* Mayor Lightfoot went well beyond state rules and strictly limited indoor dining until late September. And now…
Mayor Lori Lightfoot pushed back late Tuesday on Gov. J.B. Pritzker’s order to suspend indoor dining and drinking in Chicago to stop a dramatic surge in coronavirus cases, the latest sign of a serious split between the officials leading the effort to stem the pandemic.
“Communication is the key to navigating through this crisis,” Lightfoot said in a statement to reporters. “We will continue our efforts to engage with the governor and his team to better understand their metrics so that we can forge targeted solutions to address the public health challenges here in Chicago and across the state.”
During an interview Tuesday evening on the “PBS NewsHour,” Lightfoot said she had asked Pritzker to reverse his order.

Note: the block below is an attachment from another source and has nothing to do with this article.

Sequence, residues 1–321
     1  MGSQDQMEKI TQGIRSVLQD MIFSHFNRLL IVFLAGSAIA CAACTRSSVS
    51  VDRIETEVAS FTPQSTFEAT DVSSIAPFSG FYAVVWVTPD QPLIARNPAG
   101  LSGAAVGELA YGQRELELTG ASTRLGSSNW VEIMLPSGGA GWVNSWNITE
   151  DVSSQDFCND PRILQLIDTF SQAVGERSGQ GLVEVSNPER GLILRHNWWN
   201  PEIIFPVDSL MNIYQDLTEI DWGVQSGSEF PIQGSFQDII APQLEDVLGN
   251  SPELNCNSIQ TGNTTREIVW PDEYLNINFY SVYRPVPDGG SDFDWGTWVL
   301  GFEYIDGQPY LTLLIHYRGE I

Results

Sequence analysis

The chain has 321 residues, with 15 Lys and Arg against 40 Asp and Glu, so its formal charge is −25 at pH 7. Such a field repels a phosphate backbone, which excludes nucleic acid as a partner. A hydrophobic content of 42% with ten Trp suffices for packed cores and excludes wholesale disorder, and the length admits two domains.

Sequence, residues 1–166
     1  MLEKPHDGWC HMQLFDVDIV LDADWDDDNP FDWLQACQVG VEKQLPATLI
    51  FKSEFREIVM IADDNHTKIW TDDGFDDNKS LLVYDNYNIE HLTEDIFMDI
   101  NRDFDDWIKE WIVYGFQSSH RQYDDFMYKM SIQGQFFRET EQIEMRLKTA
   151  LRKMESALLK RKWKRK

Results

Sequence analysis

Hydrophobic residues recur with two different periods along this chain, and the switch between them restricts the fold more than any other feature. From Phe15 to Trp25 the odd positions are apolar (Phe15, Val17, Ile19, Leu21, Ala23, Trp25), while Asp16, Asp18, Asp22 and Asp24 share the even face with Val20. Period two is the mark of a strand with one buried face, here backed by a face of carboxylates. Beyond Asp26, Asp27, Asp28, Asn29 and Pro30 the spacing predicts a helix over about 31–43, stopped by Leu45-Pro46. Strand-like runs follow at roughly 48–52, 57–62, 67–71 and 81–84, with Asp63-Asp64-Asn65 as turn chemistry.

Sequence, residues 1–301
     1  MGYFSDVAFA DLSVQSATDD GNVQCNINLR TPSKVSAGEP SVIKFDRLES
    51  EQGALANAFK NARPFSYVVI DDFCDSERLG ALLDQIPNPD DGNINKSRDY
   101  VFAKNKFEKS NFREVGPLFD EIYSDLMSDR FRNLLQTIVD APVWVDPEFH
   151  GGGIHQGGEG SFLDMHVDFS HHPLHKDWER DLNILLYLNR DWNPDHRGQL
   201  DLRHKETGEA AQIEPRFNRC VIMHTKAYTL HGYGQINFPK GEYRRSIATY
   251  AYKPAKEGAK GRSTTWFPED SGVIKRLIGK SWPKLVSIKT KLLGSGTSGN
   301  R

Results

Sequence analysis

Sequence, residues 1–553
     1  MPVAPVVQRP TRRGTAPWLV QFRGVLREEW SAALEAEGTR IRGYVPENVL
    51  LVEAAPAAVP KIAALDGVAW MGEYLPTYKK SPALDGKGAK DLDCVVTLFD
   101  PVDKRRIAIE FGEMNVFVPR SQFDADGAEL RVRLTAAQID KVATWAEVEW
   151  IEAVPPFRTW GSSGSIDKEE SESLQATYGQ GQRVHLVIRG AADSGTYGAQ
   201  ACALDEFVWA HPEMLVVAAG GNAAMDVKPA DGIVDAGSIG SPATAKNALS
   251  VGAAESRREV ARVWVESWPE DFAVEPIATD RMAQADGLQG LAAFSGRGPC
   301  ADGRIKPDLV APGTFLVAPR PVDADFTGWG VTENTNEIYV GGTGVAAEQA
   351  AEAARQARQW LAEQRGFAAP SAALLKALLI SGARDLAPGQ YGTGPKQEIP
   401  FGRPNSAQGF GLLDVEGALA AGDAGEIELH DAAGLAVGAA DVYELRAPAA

“If the governor’s order goes into effect, it’s shutting down a significant portion of our economy at a time when those same businesses are hanging on by a thread,” Lightfoot said.
But a clearly angry source close to the governor pushed back on the assertion that Lightfoot was blindsided…
The governor and the mayor were supposed to speak on Monday, but the mayor didn’t call the governor. Staff were briefed on the metrics.
Not to mention that all anyone had to do was look at the numbers and it was pretty crystal clear what was about to happen for days in advance.
* Greg Hinz…
Lightfoot immediately pushed back on that assertion.
“The mayor reached out on Monday to the governor” to schedule a meeting to talk about COVID and the state’s plans, said spokeswoman Jordan Troy. “The governor was traveling, so they didn’t talk but to accommodate the governor’s schedule a meeting was set for tomorrow (Wednesday). ” As a result, “There was no need for another talk.”
Team Pritzker is sticking with its story that Lightfoot was the one who was supposed to have called to finalize a time to talk. “The governor has been publicly warning for days about Chicago’s troubling numbers,” said the senior Pritzker aide.
…Adding… Hannah makes a very valid point…
The time to address the “metrics” was in August, or September or even early October.